For people with an injury, illness or disability, which may impact their capabilities to drive safely, Epworth occupational therapists can assess their driving and help them to return to motoring.

From new learner drivers to elderly motorists, a variety of illnesses and injuries can impair our abilities to drive safely. Victorian laws require licence holders and their medical practitioners to notify VicRoads of any medical conditions that may impact their driving.

Dr Pam Ross is a Senior Occupational Therapist who manages a team of occupational therapists (OTs) with specialist training in driver assessment and rehabilitation at Epworth, which was the first organisation in Australia to offer this service.

“The goal of the whole program is not taking people’s licences away from them. It is looking at getting people back on the road after an illness or injury and how we can support them to continue driving safely.
We also help young people with a disability to work out whether they have the potential to learn to drive and if so, support them in learning to drive.”

Evaluating abilities off the road

The initial assessment is office-based, in which an occupational therapist examines eyesight, brake reaction times, road law knowledge, cognitive abilities and other factors. Epworth is also home to a driving simulator, complete with adaptive equipment, such as steering aids, left foot accelerator pedal and hand controls, that can compensate for some physical disabilities.

“It gives people a chance to learn how to use the adaptive equipment in a stress-free environment before they get in the car and sometimes that helps their confidence. Most people love the driving simulator because it is fun.”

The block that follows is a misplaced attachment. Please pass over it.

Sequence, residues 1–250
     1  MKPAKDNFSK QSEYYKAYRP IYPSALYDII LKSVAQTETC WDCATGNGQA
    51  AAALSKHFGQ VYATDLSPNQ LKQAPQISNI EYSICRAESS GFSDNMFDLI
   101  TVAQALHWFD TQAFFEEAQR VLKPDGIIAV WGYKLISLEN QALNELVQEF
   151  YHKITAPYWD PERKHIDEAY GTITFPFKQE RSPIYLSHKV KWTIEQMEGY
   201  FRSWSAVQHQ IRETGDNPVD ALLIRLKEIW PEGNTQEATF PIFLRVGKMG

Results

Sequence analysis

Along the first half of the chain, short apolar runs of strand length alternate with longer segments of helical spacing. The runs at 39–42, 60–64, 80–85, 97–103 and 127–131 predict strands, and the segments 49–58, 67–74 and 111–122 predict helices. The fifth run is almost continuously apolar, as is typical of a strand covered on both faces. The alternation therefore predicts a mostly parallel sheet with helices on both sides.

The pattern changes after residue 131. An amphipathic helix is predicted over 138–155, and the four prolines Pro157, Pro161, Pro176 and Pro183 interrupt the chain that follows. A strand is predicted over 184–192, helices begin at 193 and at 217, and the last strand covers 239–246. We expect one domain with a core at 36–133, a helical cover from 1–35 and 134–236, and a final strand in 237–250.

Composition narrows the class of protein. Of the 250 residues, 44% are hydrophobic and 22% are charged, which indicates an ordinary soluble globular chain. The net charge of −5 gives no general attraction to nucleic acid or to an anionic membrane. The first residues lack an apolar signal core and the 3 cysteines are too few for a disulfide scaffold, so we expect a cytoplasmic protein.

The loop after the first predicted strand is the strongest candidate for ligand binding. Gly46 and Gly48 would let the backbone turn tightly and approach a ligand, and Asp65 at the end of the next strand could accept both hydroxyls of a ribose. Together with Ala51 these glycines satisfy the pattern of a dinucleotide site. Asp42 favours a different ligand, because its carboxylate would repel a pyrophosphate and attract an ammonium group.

Dr Ross clarifies that although the simulator is helpful, it does not replace an on-road driving assessment.

“It is not like a real-world situation and particularly for the patients who have cognitive issues, you really have to take them out in a car to assess whether their cognitive issues are affecting their safety when driving”

On road driving assessment

If the office-based component is successful, patients undergo an on-road assessment in a dual-control car, with adaptive controls fitted if required.

The on-road test is around 40 minutes and is standardised across Victoria, so similar traffic manoeuvres are conducted in each assessment. A driving instructor in the passenger seat provides directions and an occupational therapist in the rear seat conducts the assessment.

“The first 10 minutes is letting the person settle down, because most people are quite anxious, trying to get them to relax and see what their driving is like. Many people haven’t driven for quite some time”

The occupational therapist assesses their driving skills in different traffic scenarios throughout the session and may recommend driving lessons prior to reassessment.

Transitioning back to driving

Driver rehabilitation sessions with a driving instructor can help to improve abilities and increase confidence with utilising alternative controls, such as steering knobs, before being allowed by VicRoads to return to independent driving.

“There are a few specialised instructors who have this equipment on their cars and usually patients need a few lessons to learn how to drive with this equipment and develop the confidence and skills in a variety of traffic situations. Then they come back to us for a reassessment to make sure that they are safe to drive independently.”

VicRoads are notified of the results of the assessment through an occupational therapy driving report, which provides details of the driver’s abilities and any adaptations required. VicRoads then considers the recommendations and if any licence conditions are necessary Most people return to driving after completing the program.

Epworth offers driver assessment and rehabilitation at Hawthorn and Richmond.

Patients learn to drive again at Epworth

Author David McAlpine

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